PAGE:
Monday, March 29, 2010

Writing Letters: A Lost Art?

There was a time when the only way of communicating with someone long distance was by sending a letter.  That's all changed with email, instant messaging, cell phones and texting.  People's lives have become so busy that there is little time to sit down and write a letter.  Today if someone wants to contact a person long distance, they pick up a phone rather than put pen to paper.

Are there times when it is important to communicate with someone quickly?  Of course there are.  Sometimes you need a reply to something that can't wait for the time it takes a letter to arrive by mail.  There are also times when a person wants to be able to hear another person's voice.  Who doesn't like hearing the words 'I love you' or 'I miss you?'

When you send or receive a letter, those words are permanent.  A letter is a moment in time that has been put down on paper.  That moment can be relived over and over every time that letter is read.  'I love you' or 'I miss you' can sometimes mean so much more when read on paper, because more thought was put into the words being written down.

My grandfather, who is 95 years old, saves all the cards and letters he receives.  Every so often he will pull them out and share them with me.  When I was younger, I never appreciated it as much as I do now.  That shoebox is filled with a lifetime of memories and a documented history of bits and pieces of people's lives.

Am I guilty of calling or emailing someone rather than taking the time to sit down and write a letter?  Yes, I am.  I occasionally send out cards with a few handwritten sentences, but that is not the same as taking the time to write a letter.  A letter lets the recipient know that they were important enough for you to take the time to sit down and put some thought into the handwritten words put down on paper.

Has letter writing become a lost art?  I hope not.  What can replace the joy of getting an envelope filled with news from a relative or friend?  If I get excited about finding a letter in the mail, how excited must the recipient feel when they receive one from me?

Are you a letter writer?  If not, will you make the time to sit down and write a letter this week?

Monday, March 22, 2010

Birthday Wishes


 Randolph Caldecott

Randolph Caldecott, an English artist and illustrator, was born at 150 Bridge Street in Chester, England, on March 22, 1846.  He was the third child of John Caldecott and Mary Dinah Brookes.  Randolph had a brother, Alfred, and a sister, Sophia.  

At the age of 26 Randolph quit his job, working at a bank, and moved to London, supporting himself entirely through his artwork.  Within two years he was successfully working on commission as a magazine illustrator for The Graphic, Punch, and other magazines.  In 1878 Randolph had two books, The House Jack Built and The Diverting History of John Gilpin, published for Christmas.  They were such a success, that Randolph produced two new books each year, for Christmas, through 1885.

Randolph became engaged to Marian H. Brind in 1879 and they were married a year later.  They had no children.  While Randolph and Marian were on a trip to the United States in 1886, Randolph became ill and died on February 12th in St. Augustine, Florida.  He was not quite 40 years old.

Randolph Caldecott is best remembered for his ageless illustrating contributions to children's literature in the nineteenth century.  He is also remembered through the Caldecott Medal, which is rewarded for excellence in children's book illustrations.  It was established by Mr. Frederic G. Melcher in 1938.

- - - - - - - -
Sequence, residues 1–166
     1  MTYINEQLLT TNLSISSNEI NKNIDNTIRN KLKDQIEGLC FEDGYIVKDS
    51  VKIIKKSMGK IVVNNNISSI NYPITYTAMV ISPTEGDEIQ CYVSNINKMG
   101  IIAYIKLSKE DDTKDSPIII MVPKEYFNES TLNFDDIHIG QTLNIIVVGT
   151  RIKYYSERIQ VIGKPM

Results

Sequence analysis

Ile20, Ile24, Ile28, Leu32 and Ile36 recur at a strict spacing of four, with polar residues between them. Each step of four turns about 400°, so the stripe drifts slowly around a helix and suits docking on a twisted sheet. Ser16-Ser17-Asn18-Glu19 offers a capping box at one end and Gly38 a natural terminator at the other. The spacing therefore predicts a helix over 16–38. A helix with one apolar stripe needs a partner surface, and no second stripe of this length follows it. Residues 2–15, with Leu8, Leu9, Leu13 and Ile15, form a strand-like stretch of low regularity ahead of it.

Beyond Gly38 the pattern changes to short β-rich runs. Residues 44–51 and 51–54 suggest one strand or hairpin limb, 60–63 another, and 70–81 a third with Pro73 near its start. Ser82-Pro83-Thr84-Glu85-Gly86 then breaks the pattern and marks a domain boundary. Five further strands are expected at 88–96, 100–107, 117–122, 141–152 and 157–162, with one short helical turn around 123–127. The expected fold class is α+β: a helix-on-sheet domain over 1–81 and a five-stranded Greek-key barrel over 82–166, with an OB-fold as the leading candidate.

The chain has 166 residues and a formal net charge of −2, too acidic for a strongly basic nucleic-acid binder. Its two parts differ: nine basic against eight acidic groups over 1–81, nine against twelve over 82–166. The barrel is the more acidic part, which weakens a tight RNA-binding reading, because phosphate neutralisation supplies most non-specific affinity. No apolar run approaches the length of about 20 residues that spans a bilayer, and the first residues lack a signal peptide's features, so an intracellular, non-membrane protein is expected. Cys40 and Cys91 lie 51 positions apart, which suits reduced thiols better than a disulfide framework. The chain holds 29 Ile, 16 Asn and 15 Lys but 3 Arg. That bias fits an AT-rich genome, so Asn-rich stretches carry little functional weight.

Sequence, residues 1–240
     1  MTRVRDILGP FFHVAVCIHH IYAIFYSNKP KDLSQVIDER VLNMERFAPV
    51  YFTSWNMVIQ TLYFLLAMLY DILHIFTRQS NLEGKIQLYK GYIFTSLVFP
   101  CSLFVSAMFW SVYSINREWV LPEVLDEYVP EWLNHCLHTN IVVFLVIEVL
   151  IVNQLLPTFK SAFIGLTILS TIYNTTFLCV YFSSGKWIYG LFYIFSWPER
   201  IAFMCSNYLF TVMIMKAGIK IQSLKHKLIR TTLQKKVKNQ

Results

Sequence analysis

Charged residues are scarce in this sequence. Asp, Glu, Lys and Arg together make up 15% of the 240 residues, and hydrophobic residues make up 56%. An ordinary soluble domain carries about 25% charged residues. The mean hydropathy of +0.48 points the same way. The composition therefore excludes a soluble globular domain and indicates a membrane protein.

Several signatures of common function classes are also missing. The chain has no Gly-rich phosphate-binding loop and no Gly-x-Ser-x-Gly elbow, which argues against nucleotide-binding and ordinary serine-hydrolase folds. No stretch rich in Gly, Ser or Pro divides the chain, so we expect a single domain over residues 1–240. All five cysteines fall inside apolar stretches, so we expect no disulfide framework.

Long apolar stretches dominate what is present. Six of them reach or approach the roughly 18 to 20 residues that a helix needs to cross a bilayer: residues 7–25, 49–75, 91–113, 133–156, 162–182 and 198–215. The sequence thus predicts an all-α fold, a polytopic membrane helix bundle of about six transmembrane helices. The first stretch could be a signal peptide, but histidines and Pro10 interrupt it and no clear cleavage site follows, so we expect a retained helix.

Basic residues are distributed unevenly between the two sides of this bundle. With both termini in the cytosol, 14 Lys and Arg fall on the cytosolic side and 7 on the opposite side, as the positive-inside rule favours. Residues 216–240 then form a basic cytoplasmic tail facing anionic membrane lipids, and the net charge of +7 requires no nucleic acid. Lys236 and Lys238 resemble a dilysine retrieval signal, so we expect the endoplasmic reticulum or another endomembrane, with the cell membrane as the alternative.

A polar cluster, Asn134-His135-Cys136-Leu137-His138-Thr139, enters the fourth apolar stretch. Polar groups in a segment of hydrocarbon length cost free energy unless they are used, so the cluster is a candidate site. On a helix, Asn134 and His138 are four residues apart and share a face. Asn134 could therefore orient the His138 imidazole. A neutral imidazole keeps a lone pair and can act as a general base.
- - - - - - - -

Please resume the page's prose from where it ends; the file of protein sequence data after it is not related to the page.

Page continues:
Monday, March 15, 2010

Ten Questions with Katie Hines

I'd like to welcome Katie Hines to my blog today.  She is the author of Guardian, a fantastic middle grade urban fantasy.  

1. Hi Katie.  Could you tell us a little about yourself?

I'm a wife, a mom, and a grandma who also is a writer.  Although I had some poetry published in an anthology back when I was in high school, the only writing I did in my 20s was in my diary, which was my confidant and friend.  When my husband suggested that I turn it into a memoir, I was hesitant, but thought, "What the heck."  I did, and the result was truly awful.  After a few kind and well-meaning words about the memoir, I decided that if I wanted to write anything worth publishing, I was going to have to learn more about creative writing.  So, I embarked on a journey of learning which eventually lead to Guardian.

2. What was your inspiration for writing Guardian?
While I was thinking about what to write, I was doing some internet research, and so was my husband, Bill.  He is actually the one who came across the Oak Island (Nova Scotia) treasure story.  When he shared it with me, I realized this was the storyline I was looking for, did my research and began writing, while never looking back.

3. What were the challenges in bringing your book to completion?
Obviously the very first is getting a whole draft written.  I kept adding layers as I was writing that changed previous chapters and impacted future chapters.  As such, it took me several "goings through" to finish the whole rough draft.  I actually have a total of nine editing manuscripts, and a whole file of deleted scenes, which I definitely didn't want to delete in case I wanted to use them again.
After doing the editing, it was a challenge to get it through my online critique group simply because there were anywhere from four to six of us, and we could only submit 2,000 words at a time every four to six weeks.  I was finally able to partner up with another children's writer who needed her entire manuscript critiqued, too, so that took care of that.

4. What were your experiences with your blog tour for Guardian?
I tried to make sure I publicized it as much as possible on the groups that I'm a part of, but of course the idea of the blog tour is to gain exposure for the book with readership that I don't normally touch.  The results have been mixed.